I’m sure my parents must have worried over me. I was the quiet child, they said. "She reads a lot," they apologized. My teachers sent home notes that I daydreamed a lot. My friend's parents would say with a sort of sad smile, "I forgot she was even in the house."
Classmates would come over to get help before writing papers for school because they all knew I had really read the book--the whole book! I'd start talking about the stories and hours later, their eyes glazed and fingers sore from taking notes, they'd leave with enough information to do the assignment. I often told them it would be easier if they'd just take notes in class and read the books themselves, but no...they had me for that. I loved retelling the stories. And they knew it.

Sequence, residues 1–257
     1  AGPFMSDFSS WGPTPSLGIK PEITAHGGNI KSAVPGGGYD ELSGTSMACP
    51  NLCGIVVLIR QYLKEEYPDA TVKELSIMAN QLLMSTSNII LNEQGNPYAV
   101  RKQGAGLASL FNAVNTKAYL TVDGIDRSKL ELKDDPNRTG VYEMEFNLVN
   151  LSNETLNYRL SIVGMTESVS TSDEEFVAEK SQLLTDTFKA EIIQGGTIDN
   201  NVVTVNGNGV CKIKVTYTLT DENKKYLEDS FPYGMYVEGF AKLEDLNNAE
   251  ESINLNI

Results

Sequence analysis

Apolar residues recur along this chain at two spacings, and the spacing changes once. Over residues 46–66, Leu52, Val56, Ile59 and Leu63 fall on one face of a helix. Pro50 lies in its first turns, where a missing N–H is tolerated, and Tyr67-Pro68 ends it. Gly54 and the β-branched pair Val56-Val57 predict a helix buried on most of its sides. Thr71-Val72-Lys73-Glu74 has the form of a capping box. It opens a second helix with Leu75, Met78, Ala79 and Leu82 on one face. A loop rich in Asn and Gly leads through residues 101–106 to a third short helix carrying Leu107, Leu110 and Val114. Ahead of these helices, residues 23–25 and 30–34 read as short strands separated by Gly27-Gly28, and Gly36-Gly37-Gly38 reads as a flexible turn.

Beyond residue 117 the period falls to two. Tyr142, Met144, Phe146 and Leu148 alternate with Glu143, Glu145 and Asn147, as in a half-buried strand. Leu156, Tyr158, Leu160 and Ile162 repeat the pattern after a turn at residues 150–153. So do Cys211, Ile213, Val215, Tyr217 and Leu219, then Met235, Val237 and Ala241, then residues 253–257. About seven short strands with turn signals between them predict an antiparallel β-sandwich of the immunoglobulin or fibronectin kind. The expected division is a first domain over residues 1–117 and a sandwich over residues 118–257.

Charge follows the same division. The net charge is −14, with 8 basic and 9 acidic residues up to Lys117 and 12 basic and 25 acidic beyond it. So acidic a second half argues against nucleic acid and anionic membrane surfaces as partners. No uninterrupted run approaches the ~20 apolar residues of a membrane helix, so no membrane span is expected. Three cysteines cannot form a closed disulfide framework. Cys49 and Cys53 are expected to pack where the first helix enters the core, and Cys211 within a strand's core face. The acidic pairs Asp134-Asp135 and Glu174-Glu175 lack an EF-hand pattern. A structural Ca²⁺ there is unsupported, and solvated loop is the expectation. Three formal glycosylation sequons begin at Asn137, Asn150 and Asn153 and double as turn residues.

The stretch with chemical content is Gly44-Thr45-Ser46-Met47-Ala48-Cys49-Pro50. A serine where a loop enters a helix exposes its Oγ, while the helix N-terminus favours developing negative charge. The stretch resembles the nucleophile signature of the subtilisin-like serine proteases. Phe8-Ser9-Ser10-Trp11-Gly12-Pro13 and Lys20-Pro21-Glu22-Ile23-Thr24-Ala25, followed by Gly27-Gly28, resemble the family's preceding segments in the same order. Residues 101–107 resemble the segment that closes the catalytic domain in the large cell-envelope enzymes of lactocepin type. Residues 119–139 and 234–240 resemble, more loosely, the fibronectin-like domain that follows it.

Of course, it wasn't all nerds-ville. I had plenty of friends. I did my share of partying and dating and all the other things teenagers do. I was even a cheerleader. But I never got too cool for books. NEVER.
When I went on my honeymoon: I packed books: When I went to the hospital in labor with both my children: I packed books. When I went to my children's Little League games, dancing lessons, guitar lessons, tennis lessons, shopping trips with them and they didn’t want me to “help” them choose clothes: I packed books.
I spent hours in a parked car waiting on one child or another, shivering in the cold, or sweating in the heat and humidity of South Carolina weather. But I always had a book to read.
When I taught school and took my own lunch with me: I also packed books. Now, when I travel to visit friends or family: I pack books. When I drive on long trips: I pack books (in the form of DVD’s).